However, the doctor couldn’t induce until the next day. So for 36 hours she and her husband had to live with the painful knowledge of the death of their dreams, the death of their new life as parents, the death of their child. Edward Carey said that those 36 hours were surreal. They couldn’t embark on the life they’d planned with their son, and yet they couldn’t begin the process of living their lives without that son. They were stuck in the middle, neither here nor there. In between.
Frederick Buechner writes: “Think about what it means to be starting out on a journey, about what is really involved in being on our way. Of course, to begin with, we just put one foot ahead of the other foot, leg over leg, and our steps make a little thud as they carry us farther and farther down the road. Then we probably climb into a car or a train or a plane, and then the miles begin to go by a lot faster, and soon we look around, and the place that we have left has disappeared entirely, and the place where we are going still lies off in the distance somewhere, and there we are somewhere in between. It is really a strange sort of state to be in, not quite like anything else.”
So much of our lives are spent recovering from something that’s just happened, or preparing for something that’s yet to happen.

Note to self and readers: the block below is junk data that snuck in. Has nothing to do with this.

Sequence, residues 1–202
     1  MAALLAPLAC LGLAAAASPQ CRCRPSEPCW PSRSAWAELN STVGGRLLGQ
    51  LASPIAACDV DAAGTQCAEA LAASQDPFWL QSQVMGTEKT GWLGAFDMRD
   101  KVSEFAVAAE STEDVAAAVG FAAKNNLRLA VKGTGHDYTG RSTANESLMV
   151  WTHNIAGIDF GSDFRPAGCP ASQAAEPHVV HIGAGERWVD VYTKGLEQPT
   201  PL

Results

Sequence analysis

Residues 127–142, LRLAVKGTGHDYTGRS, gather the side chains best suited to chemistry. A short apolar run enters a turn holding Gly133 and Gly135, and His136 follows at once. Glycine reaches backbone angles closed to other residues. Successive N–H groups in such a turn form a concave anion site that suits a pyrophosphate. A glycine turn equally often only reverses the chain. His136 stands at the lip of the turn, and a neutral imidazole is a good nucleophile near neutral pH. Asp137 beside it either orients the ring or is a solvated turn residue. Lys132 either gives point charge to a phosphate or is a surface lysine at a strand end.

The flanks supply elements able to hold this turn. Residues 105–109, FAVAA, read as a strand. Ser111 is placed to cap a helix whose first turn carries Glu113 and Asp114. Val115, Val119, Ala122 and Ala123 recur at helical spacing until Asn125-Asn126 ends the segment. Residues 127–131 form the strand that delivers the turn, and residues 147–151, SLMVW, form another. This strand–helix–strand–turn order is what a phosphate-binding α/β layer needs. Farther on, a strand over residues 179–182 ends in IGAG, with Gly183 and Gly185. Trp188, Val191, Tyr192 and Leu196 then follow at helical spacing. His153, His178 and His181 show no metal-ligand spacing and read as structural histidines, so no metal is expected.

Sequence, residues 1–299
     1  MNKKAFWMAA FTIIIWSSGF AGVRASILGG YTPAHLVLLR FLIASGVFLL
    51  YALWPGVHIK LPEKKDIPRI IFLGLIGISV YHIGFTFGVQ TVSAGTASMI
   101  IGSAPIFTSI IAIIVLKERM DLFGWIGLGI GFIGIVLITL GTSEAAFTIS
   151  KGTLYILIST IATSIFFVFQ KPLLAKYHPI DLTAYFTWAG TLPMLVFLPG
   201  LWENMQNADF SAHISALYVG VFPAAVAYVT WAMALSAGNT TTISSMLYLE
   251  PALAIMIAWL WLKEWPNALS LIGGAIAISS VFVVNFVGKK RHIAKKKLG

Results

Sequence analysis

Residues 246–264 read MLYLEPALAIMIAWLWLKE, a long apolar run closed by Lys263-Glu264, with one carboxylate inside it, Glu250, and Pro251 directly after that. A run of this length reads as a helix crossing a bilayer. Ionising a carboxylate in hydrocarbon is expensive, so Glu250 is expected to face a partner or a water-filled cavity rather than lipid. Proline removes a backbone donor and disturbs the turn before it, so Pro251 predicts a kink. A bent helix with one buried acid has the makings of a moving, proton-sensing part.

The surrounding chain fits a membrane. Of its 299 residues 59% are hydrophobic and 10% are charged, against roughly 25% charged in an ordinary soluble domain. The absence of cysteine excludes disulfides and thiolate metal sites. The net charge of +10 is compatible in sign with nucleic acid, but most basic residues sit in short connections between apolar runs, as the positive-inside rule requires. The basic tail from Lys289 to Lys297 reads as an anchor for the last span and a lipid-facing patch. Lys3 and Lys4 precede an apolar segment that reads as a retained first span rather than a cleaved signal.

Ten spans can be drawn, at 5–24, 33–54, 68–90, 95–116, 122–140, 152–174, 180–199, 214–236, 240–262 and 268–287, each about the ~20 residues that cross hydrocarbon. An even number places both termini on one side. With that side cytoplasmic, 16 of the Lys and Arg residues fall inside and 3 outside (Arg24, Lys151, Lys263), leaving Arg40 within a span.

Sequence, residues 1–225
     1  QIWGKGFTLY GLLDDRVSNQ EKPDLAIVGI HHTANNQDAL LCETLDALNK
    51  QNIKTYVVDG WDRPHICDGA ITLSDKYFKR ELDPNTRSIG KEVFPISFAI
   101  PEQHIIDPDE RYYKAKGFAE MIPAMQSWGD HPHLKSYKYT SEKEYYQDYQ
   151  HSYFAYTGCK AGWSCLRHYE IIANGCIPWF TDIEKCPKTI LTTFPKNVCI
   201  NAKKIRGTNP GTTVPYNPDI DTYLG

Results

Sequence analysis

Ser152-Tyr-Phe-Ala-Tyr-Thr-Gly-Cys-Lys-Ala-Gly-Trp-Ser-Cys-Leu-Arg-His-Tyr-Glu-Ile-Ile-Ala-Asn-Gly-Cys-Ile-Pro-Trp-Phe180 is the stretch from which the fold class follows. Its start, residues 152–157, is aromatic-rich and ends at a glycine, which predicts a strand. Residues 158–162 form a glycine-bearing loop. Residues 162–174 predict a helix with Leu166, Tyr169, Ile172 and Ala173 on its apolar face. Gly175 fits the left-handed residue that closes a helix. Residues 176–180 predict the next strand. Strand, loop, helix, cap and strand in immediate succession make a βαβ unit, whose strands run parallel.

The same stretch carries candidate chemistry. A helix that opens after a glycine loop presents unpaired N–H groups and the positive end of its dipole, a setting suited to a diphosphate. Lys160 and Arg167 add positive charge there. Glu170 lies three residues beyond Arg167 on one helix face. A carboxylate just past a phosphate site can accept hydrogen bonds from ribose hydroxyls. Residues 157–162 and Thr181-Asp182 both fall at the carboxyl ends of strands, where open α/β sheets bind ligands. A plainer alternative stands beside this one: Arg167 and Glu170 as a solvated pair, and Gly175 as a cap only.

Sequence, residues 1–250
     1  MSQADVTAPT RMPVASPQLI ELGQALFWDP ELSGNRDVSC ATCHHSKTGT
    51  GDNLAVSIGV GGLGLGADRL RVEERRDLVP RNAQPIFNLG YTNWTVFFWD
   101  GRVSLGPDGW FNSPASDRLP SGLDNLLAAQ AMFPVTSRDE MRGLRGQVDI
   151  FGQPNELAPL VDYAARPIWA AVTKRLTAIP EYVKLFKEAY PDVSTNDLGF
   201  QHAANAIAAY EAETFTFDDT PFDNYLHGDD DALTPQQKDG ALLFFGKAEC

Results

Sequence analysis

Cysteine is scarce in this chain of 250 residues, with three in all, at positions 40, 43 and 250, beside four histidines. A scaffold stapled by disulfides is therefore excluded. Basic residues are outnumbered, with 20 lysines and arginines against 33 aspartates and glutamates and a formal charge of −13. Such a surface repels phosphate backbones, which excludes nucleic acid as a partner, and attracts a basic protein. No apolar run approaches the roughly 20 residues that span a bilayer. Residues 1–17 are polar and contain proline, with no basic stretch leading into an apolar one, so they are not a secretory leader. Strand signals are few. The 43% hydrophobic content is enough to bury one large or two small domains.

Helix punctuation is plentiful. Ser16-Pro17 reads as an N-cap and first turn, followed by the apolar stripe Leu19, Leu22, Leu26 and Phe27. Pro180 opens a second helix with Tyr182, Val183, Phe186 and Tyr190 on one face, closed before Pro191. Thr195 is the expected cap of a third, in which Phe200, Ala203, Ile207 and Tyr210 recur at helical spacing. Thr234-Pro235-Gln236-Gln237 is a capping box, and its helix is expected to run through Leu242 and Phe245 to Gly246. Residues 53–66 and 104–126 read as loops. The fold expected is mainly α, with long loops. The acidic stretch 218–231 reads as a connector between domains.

I tend to be so certain that what’s really important happens when I arrive at the destination: the marriage license, the diploma, the birth certificate, the job promotion, the stamp on the passport. And all the time spent in between is excruciating, just another journey through the mundane, another trip through the meaningless string of days.
Maybe that’s why I like this story about the wise ones from the East. They see Jesus’ star rise, and immediately they turn to one another and say, “Road trip.”
Oh, heading out again gives such meaning and purpose to their lives, gives them something important to do. What should I bring? Should I pack my overcoat?
No, it’ll be too warm for that.
Well, remember to bring sun screen and the new John Grisham novel. Got to bring a gift. What do you get for a baby shower? What can a baby use?
Diapers? Too common.
Baby clothes? Don’t know what size.
Stuffed animals? Done to death.
I don’t know. Wait a minute. I know. What does every nursery need?
Gold, frankincense, and myrrh. Boom!
They’re going to take a trip to see the baby Jesus, whom, they’re certain is someone special. When they get there, they imagine that something important will happen. They’re not quite sure what, but they know something significant surely will take place. Big event. Big deal.
But, along the way they run into Herod, who’s not quite as enthusiastic about bringing a micro-fleece blanket or a hooded towel to the baby shower.
King Herod, not unlike most kings, is insecure about his position. And so he tells the wise men to send word when they’ve found the child he finds so threatening.